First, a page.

If Rojo was pleased to bow out in this role, and Polunin found in the Nureyev comparisons a kindly welcome, well and good. But the ballet, as a ballet, is a bore. With dated designs by Cecil Beaton (the set an etiolated sub-Giacometti cage, the costumes either a series of camp embarrassments for the soloists, or a diva-ish three-costume-changes-in-thirty-three-minutes for the lead), the choreography would have to be stellar to survive, and it simply isn’t. The ageing Fonteyn was by then understandably limited, and while Rojo’s powerful sense of drama carries her audience with her, she has, in reality, little to do apart from burning looks, a few bourrées and a lot of falling to her knees. Polunin’s Armand is required to make several of the dashing runs (one complete with cape fluttering dramatically behind) so beloved of Nureyev – I half-expected him to cry “Ta-da!” as he appeared – but Ashton’s choreographic invention for him too seems curiously limited.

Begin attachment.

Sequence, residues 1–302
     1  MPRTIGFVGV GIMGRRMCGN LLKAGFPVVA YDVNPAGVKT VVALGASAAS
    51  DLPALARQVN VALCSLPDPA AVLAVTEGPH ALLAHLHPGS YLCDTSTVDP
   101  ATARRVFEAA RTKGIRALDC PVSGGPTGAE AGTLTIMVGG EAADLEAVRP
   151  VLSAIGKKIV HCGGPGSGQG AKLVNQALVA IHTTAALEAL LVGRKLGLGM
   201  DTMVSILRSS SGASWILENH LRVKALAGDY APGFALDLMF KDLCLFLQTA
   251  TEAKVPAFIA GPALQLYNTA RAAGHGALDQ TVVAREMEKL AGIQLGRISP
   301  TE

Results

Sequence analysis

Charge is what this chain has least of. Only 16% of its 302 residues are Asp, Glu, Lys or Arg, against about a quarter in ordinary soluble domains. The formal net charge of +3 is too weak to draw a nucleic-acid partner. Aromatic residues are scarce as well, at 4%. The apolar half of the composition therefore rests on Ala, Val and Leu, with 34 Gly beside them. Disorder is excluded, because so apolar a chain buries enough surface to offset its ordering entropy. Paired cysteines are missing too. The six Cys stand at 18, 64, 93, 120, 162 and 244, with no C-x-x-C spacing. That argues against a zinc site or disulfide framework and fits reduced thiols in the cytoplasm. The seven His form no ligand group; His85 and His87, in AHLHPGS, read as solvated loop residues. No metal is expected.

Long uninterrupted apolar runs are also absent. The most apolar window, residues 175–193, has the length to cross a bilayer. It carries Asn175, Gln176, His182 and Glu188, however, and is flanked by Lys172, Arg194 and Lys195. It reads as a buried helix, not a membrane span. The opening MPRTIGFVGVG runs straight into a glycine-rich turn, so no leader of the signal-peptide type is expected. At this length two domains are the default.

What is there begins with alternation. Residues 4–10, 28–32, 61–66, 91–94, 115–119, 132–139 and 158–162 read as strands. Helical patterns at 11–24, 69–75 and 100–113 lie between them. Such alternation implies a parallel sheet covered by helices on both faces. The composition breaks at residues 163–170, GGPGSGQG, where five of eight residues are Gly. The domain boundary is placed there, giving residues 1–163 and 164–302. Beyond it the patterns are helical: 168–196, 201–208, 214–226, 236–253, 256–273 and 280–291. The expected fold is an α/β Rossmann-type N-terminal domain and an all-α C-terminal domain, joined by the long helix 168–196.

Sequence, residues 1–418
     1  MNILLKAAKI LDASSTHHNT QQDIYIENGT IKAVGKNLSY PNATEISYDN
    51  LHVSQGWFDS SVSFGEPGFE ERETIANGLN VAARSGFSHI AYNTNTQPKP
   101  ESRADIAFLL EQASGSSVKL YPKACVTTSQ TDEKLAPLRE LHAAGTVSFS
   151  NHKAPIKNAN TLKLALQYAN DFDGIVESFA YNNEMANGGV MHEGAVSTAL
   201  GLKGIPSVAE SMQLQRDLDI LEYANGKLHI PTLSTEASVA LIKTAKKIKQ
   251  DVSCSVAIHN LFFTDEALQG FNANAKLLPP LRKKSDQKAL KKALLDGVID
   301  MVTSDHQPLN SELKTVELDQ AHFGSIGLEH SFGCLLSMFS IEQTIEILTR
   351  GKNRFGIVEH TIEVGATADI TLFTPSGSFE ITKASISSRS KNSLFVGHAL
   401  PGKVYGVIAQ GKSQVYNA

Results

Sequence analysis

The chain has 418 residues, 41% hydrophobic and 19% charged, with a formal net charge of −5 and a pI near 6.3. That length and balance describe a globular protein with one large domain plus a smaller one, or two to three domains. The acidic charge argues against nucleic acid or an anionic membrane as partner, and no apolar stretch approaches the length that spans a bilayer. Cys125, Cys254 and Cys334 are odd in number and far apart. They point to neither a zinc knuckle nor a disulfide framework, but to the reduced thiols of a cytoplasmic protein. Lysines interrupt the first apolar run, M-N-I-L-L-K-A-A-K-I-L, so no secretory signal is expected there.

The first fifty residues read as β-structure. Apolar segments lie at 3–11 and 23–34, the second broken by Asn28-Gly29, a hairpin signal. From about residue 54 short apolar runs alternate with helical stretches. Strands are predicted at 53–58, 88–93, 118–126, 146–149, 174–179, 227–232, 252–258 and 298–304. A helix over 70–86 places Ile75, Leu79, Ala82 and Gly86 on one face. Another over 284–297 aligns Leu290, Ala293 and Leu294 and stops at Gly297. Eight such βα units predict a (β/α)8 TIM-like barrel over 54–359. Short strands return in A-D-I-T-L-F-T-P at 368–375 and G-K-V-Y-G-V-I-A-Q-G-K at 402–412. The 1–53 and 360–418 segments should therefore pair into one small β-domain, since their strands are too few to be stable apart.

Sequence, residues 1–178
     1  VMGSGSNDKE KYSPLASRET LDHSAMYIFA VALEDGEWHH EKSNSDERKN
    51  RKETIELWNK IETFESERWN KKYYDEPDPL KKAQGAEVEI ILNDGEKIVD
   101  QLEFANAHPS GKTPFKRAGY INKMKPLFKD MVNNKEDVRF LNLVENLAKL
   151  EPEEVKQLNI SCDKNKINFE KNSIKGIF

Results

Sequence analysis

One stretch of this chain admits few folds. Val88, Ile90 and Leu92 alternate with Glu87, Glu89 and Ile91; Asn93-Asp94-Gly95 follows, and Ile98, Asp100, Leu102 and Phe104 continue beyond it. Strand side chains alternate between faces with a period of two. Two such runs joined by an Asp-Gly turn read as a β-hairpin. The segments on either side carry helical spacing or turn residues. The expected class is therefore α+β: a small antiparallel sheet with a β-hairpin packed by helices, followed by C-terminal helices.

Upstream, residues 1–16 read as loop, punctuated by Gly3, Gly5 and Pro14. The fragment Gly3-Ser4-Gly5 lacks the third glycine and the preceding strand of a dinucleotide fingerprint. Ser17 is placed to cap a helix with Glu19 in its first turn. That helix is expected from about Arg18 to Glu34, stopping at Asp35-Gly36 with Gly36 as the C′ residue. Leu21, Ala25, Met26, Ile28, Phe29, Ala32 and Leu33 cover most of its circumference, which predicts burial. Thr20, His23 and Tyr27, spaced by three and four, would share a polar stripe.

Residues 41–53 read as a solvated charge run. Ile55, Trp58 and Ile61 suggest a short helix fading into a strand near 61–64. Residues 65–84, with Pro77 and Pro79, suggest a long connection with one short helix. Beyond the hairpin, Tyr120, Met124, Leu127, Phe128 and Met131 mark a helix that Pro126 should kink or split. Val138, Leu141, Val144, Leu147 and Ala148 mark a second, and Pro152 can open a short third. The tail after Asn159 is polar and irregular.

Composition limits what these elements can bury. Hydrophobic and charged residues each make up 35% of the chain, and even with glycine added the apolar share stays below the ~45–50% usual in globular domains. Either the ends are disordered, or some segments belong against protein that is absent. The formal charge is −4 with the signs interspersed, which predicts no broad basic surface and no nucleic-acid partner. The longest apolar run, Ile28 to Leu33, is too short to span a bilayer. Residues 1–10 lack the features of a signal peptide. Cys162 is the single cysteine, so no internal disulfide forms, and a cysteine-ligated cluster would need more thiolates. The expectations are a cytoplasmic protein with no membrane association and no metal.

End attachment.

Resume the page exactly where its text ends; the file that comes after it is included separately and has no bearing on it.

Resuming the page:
Another evening, another memorial to past Royal choreographers, this time an evening of works by MacMillan, twenty years after his early death. Here old favourites and a revived curiosity sit more neatly together. Concerto, an early piece to Shostakovich’s Piano Concerto No 2, is impossible not to love with its sprightly outer movements flanking a profound central meditation on the nature of classicism. Las Hermanas, an adaptation of The House of Bernarda Alba, could not be more different: a distillation of how fear and jealousy corrode and destroy. Only MacMillan could have revealed without words the icy heart of Lorca’s sexual snakepit.